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Merlin66

LADS -Large Aperture Double Stack Ha telescope

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TJ. I suspect, that to avoid other light path issues with a Newtonian, the ERF would have to be placed very near the secondary, hence near the focus = heat. :D

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TJ,

Hmmmmm

Certainly feasible, but remember the optimum requirement of a f10 without barlows etc.... not too many f10 reflectors being used today.

If you find one let me know and I'll trial it for you!

Ken

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Update....

The adaptor to mount the double stack PST etalon arrived this morning; PERFECT fit!!

I've now mounted the etalons and just need a couple of minutes of Sun to check, focus and hopefully,,,,,hopefully show the system works as well as, or better than, the theory...

Keep you posted.

( the thin silver section is the new adaptor which holds the entrance lens of the second etalon hard against the outlet lens of the first etalon ie no spacing between the lenses)

Ken

post-15261-133877492632_thumb.jpg

post-15261-133877492645_thumb.jpg

post-15261-133877492651_thumb.jpg

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Looks good Ken! How do you focus that, is the AE bit on the back a helical focusser?

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An 80mm ERF - Where?

Answer

(80/200) *2000 = 800mm from the focus ie (2000-800)= 1200mm behind the objective.

Actually you need a slightly larger illuminated cone ... because the sun is not a point object. The solar diameter with 2000 mm focal length is approx. 18 mm, say 20 mm to give a bit of breathing room, or, to put it another way, you want to calculate the distance from the objective based on f/11 rather than f/10. (Work it out by similar triangles if you insist!)

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TJ

the AE adaptor is just to give the rough distance... I have a Baader micro focuser to get final focus.

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This looks and sounds absolutely fantastic but as someone who has acutally only ever viewed the sun in white light am I right in saying that 0.3a means you get to see more surface detail that at 0.5a? Please excuse my ignorance but I've never gone beyond a white light filter but looking at this has really wetted the appetite to get into solar viewing/imaging.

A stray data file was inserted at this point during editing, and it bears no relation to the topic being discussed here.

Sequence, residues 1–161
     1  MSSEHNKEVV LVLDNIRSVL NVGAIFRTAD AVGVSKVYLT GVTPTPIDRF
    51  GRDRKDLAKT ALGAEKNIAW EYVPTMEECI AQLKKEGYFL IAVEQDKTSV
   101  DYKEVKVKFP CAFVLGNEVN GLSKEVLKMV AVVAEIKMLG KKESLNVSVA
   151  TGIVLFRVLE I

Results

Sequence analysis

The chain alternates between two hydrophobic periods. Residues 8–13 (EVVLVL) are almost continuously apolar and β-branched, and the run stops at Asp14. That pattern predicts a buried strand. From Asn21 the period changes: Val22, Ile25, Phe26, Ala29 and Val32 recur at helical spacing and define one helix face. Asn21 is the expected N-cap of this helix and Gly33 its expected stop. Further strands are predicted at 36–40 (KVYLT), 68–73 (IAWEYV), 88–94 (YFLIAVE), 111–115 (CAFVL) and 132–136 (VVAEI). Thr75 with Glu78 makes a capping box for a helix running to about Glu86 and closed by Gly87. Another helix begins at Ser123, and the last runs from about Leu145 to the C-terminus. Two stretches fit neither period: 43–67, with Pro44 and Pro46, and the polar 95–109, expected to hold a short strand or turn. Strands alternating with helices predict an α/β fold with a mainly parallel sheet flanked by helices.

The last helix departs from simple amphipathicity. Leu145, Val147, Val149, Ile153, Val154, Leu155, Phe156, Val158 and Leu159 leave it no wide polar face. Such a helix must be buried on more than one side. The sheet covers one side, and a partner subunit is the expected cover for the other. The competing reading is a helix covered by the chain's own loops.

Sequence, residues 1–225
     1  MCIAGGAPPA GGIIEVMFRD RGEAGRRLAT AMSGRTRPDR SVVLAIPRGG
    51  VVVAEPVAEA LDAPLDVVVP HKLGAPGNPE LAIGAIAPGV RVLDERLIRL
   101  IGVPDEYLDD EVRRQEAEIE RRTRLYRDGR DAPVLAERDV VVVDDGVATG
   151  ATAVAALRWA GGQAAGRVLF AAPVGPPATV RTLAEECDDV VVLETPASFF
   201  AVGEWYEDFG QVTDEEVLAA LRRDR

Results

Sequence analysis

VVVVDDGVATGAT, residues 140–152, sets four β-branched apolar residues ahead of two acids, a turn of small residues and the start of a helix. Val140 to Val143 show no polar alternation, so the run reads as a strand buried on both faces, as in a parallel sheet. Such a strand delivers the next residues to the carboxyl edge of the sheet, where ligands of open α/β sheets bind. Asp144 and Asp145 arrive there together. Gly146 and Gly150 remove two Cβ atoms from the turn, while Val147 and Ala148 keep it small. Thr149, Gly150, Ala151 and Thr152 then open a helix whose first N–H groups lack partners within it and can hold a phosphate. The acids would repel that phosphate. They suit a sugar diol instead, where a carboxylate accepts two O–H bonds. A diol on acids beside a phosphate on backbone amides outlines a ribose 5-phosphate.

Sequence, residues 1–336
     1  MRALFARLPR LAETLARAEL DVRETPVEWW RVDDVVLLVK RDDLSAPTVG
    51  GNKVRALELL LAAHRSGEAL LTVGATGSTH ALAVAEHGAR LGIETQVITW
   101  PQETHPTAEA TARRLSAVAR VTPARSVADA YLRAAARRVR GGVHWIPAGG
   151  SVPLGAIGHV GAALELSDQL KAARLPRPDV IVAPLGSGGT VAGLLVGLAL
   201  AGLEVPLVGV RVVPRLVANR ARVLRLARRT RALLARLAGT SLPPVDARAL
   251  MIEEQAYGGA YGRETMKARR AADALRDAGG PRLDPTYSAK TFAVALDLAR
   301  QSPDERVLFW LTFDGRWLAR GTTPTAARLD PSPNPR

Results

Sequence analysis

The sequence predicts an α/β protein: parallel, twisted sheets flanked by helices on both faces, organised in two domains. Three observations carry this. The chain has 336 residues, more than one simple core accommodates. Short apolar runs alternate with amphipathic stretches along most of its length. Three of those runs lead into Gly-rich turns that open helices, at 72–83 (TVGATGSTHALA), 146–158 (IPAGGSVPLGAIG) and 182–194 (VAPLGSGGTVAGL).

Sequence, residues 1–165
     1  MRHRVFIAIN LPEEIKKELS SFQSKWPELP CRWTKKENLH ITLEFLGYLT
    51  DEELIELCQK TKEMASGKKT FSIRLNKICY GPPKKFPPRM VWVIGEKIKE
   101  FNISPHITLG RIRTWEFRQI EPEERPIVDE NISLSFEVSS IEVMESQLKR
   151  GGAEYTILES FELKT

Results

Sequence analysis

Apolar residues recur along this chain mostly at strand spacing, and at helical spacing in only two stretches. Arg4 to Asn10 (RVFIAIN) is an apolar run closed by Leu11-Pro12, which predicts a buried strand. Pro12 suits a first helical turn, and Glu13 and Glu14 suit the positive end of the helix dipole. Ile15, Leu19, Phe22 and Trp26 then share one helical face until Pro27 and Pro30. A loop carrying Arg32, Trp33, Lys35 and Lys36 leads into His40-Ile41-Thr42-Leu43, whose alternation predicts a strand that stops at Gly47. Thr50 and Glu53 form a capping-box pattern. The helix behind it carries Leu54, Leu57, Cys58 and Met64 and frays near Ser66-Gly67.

Edited by simon84

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Ok

Good new bad news

Good news is that the double stacked PST etalon DEFINATELY works! Give's a resolution around <0.4A (compared with the SM60 double stack) - good crisp focus and with the larger (80mm) aperture clearly shows the surface granulation, umbra and penumbra detail as well as structure in the filaments. All in all, a VERY impressive and satisfying first view.....I'm smiling!!!:D

Now the downside....:)

The sweet spot "rings" are much more noticable and trying to tune the double stack to optimise the ring's positions and maximise the useable FOV is a PITA. (tuning for the narrow bandwidth is much easier than with my SM60 double stack!!)

I need more time ( only had about 10 mins - family business!) to set up the DMK and work though some tuning settings and get some images.....

The potential is definately there.....

Ken

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Good to hear Ken. Funnily enough, when I tried the double stacks at kelling the etalon tuning was always the bit that makes you go UMMMMM!

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OKay this is very interesting as I will have a DS90 very soon to test, so be good to compare

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Great day to be testing! Sun looks amazing today :D

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The weather today hasn't allow me to do any more testing, but looking at the set-up and thinking about it.....:D

I now believe the 'sweet" spot issues may be related to the tilt axis of the PST etalons.

This is obviously of no importance in a Modded scope and isn't even noted on the etalon...